In recent years a glut of provocative horror movies with mainstream appeal have got everybody talking. Critic Alexandra Heller-Nicholas picks 10 of the most anticipated horror films arriving in 2019.
Horror cinema grows and flourishes in the margins; its long history of indie and underground success stories make the mainstream still often the last place the genre’s treasures appear. But in recent years particularly there has been an undeniable groundswell of thoughtful, provocative horror that has moved from its traditional niche stomping grounds to the multiplexes, such as Jennifer Kent’s The Babadook, Ari Aster’s Hereditary, Jordan Peele’s Get Out and John Krasinski’s A Quiet Place.
The horror slate for 2019 shows no sign of this trend abating, be it in terms of big-names with mainstream appeal or smaller movies destined to ignite the festival circuit.
Here’s the best the year has to offer.
One of the most anticipated films of the year regardless of genre, Jordan Peele’s sophomore effort is the domestic horror film Us, starring Lupita Nyong’o and Winston Duke. Teaming again with Blumhouse Productions after the astonishing success of his debut feature Get Out in 2017 – which garnered an award from the notoriously horror-shy Oscars, no less – the early promotional rumble for Us promises a film no less compelling, original and disturbing.
Unleashed at last year’s Toronto International Film Festival and scheduled for a local 2019 release, if Australian filmmaker brothers Kiah and Tristan Roache-Turner impressed with their feature debut Wyrmwood, Nekrotronik is even more dazzling. Starring French cinema icon Monica Bellucci at her supernaturally demonic best, alongside Abe Forsythe’s Lupita Nyong’o-fronted zom-com Little Monsters, Nekrotronic is one of the most anticipated Australian-directed horror films of the year.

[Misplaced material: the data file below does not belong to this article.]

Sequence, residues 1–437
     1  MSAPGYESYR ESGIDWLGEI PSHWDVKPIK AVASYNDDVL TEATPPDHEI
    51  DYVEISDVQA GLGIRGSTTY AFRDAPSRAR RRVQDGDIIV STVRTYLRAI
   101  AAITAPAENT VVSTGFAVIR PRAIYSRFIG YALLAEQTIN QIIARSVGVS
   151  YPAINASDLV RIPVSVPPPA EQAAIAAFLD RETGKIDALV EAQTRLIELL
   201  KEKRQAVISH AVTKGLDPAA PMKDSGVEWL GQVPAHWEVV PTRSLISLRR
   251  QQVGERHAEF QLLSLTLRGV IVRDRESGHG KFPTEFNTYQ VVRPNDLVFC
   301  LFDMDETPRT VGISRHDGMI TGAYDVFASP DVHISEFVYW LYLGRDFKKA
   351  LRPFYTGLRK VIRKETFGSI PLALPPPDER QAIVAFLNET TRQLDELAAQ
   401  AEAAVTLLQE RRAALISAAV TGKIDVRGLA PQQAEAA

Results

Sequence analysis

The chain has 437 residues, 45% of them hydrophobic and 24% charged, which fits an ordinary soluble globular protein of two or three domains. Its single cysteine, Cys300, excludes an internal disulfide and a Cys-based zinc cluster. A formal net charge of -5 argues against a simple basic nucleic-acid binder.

With the underrated Christmas horror-comedy Krampus already under her belt, with Hereditary Toni Collette established herself as a horror performer supreme. While Hereditary‘s director Ari Aster prepares to release his next film this year – another horror movie, Midsommar – Collette continues her relationship with the genre in Dan Gilroy’s forthcoming Velvet Buzzsaw alongside Jake Gyllenhaal and Rene Russo. Reinventing the horror trope of the haunted painting story, Velvet Buzzsaw will stream on Netflix in early February following its premiere at Sundance this month.
After the international success of his 2016 horror film Under the Shadow, British-Iranian filmmaker Babak Anvari returns with the forthcoming horror film Wounds. Adapted from Nathan Ballingrud’s novella The Visible Filth, the film follows a bar tender whose life is rocked after discovering an abandoned mobile phone. Starring Armie Hamer and Dakota Johnson, the film also features Zazie Beets from Atlanta and Karl Glusman from Gaspar Noe’s Love, Nicolas Winding Refn’s The Neon Demon, and Tom Ford’s Nocturnal Animals.